to attribute his nervous diathesis to greed for gain, and to
consanguineous marriages, and diabetes to overfeeding. Has it ever
occurred to those who make such statements that the Jew comes of a
studious ancestry, that his weak muscular system and high nervous
temperament are caused by student habits and religious zeal? The Jew is
by custom and religion the most temperate man in the world. Diabetes is
now believed by many to be a disease of the nervous system. Have the
critics ever endeavored to ascertain how many of their insane Jewish
patients show a history of consanguineous marriages? There are,
unfortunately, many of our Russian co-religionists in "the living death"
at the institutions for the insane of Illinois at Elgin, Watertown,
Kankakee, and Dunning. In the few cases which I have been able to
investigate I have not found one with a history of the marriage of near
relatives. It is to be hoped that some neurologist will give us ample
statistics on this subject.
Among a learned people, where one rarely finds an illiterate man, where
the field for gaining a livelihood has been narrowed down by the
oppressor, and where religious enthusiasm is at its height, we need not
look further for causes of the high-strung nervous system and relaxed
muscularity of the Russian Jew.
Venereal disease is less frequent than among many other classes. Early
marriages prevent in a measure that promiscuous association which so
often causes infection. Home life and purity are encouraged. It is
considered an act of charity to help an orphan or friendless girl to
marry. Frequently collections of money are made to start a young couple
in life. The professional matchmaker facilitates matrimony among all
The religious marital bath is largely patronized by the women. This
institution was created by men, who were the law-makers. They forgot to
make like laws for themselves. Let us hope that they thought their
superior intelligence did not need the the whip of religion, and that
they were as cleanly as they commanded their wives to be. Assuredly the
religious bath is a wise institution for the ignorant. Specific disease
is not absent but is rare even among the lowest class of orthodox Jews.
During the year 1900 the Ninth Ward (formerly the Seventh) had a
remarkably low death rate in spite of its unfortunate environments. To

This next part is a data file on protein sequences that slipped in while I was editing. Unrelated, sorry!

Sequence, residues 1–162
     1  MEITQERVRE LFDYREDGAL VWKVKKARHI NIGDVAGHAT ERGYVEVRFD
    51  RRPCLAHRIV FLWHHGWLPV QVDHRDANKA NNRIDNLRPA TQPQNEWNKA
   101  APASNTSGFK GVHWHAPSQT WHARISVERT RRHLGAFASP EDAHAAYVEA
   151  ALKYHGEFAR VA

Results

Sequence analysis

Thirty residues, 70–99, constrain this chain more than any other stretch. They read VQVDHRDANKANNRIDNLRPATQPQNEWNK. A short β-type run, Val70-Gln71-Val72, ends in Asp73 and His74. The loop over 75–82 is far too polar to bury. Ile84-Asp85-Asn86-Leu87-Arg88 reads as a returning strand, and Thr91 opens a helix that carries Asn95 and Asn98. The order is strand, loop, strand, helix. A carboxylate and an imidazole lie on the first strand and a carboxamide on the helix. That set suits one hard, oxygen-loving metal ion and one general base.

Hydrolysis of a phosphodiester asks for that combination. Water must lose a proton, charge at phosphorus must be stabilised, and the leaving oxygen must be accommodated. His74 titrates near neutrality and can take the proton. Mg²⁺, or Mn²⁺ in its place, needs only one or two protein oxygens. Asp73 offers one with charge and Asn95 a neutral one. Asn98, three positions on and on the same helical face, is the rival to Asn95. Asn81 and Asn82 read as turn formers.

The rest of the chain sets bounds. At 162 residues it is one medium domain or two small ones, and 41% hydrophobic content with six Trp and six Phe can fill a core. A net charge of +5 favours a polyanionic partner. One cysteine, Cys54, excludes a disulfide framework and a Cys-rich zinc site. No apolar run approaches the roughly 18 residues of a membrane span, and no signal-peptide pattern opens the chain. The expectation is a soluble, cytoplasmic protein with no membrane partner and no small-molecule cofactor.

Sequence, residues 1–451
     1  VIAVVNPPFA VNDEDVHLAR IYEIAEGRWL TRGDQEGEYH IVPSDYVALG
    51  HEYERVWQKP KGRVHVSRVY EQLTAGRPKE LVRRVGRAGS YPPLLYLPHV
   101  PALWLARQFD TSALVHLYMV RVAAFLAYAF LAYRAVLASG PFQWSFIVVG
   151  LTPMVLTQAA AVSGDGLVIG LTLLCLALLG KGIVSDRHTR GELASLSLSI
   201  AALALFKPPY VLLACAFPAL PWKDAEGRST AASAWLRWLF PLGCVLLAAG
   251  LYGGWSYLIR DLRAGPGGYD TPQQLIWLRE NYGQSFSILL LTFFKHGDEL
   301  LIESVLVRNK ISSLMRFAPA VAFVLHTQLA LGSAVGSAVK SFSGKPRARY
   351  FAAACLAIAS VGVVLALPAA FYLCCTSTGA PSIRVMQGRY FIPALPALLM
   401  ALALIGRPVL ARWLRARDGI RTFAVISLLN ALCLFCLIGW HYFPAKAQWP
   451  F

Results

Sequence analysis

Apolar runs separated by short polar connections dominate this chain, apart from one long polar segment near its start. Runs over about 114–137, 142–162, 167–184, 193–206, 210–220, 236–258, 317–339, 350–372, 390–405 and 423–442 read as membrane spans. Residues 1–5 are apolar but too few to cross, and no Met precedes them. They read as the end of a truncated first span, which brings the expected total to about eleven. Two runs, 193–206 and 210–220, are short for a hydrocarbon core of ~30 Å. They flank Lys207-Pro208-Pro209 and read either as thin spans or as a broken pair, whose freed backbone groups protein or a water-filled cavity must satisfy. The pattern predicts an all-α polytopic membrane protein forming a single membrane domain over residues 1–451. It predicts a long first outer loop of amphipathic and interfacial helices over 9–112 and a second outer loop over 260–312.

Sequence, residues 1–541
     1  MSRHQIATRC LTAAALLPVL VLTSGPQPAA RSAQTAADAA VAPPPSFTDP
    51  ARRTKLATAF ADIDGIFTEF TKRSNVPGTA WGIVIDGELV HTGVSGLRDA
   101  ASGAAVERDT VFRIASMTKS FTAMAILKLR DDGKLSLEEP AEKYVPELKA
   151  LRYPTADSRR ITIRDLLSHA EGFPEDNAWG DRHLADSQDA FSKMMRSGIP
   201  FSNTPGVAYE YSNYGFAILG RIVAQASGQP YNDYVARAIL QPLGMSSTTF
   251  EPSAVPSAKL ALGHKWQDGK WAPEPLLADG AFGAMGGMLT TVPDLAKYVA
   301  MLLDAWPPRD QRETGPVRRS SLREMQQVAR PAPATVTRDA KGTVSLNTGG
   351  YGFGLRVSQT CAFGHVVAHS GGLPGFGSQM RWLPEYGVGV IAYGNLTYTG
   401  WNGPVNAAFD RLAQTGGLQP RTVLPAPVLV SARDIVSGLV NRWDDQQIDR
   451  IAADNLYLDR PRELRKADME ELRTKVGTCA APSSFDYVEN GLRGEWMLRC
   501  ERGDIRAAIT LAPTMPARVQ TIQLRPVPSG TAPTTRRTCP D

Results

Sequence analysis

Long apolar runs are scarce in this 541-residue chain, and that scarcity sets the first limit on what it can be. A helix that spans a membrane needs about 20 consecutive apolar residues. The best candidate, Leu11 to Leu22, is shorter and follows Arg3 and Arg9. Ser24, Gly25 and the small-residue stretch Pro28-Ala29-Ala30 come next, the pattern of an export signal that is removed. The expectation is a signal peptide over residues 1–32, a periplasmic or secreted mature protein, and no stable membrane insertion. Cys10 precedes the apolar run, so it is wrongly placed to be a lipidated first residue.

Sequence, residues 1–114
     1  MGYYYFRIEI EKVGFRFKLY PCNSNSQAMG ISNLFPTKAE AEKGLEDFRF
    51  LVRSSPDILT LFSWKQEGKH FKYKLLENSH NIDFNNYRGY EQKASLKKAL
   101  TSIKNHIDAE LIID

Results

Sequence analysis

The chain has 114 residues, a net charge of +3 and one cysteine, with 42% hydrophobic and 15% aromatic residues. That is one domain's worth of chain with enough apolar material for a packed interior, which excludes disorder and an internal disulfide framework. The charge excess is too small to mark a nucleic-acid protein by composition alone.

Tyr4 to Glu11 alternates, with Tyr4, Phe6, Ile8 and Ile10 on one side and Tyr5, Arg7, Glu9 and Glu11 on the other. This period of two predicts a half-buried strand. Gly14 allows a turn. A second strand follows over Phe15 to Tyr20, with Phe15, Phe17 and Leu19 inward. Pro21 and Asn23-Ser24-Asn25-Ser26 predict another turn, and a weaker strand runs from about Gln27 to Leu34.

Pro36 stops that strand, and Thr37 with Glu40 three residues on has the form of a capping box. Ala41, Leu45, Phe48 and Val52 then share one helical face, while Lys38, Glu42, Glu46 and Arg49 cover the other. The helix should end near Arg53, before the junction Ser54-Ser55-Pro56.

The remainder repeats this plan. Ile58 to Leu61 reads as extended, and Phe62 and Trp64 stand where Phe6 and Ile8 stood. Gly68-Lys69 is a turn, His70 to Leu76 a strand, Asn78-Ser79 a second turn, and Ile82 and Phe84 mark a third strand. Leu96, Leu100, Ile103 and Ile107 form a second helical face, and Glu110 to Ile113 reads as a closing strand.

every 1,000 of population the proportion was 11.99. For comparison, the
following figures as to death rates are quoted:
To every 1,000 of population, 1900: Philadelphia, 19.38; New York City,
19.59; Chicago, 14.68; Twenty-third Ward, Chicago, 18.69; Twenty-ninth
Ward, Chicago, 15.62; Ninth Ward, formerly the Seventh, Chicago, 11.99.
The Twenty-third and Twenty-ninth Wards have about the same number of
inhabitants as the Ninth and similar poor housing conditions. The annual
death rate for several years for these three wards is appended;
These figures, taken from Chicago's public
health reports, show a constant low death rate for eight years in the
Russian Jewish settlement.
Some writers have claimed for circumcision that it will prevent zymotic
disease. The practice is universal among Russian Jews, yet statistics
covering fifteen years for what was formerly the Seventh Ward indicate
as large a ratio of deaths from this class of cases, as compared with
the total number of deaths, as in any ward in Chicago. The experience of
physicians here is that typhoid fever, scarlet fever, croup, diphtheria,
smallpox, diarrheal diseases are not especially respecters of the
persons of the orthodox. A writer in an American medical journal5
recently complained of permitting ritual circumcision by any but
regularly qualified physicians. We should reinforce his efforts in
behalf of the Jewish infant. Much mischief is done by mohelim who are
not competent surgeons. A thorough knowledge of asepsis, haemostasis,
and stimulation are necessary for the work. It should at least be done
under the supervision of a physician, and only with his permission.
It is the custom in orthodox homes to bury the dead within twenty-four
hours after death, and with but little exposure. The body is not allowed
to remain on the family bedding but is removed to the cold, bare floor.
The custom is crude and primitive, yet the early removal of the dead
from among the living is best where disease may cause infection. The
washers of the dead are not paid. They do the work as an act of charity
for rich and poor alike. Flowers are forbidden. Simplicity is the rule.
Every visitor to the house of the dead is enjoined to wash his hands
before returning home. Doctors who know the custom of the people often
advise the washers to use an antiseptic solution for their hands after
they have performed their service. This should be made compulsory.
An insurance agent whose patronage is largely among Russian Jews states
that they are considered excellent risks by all life insurance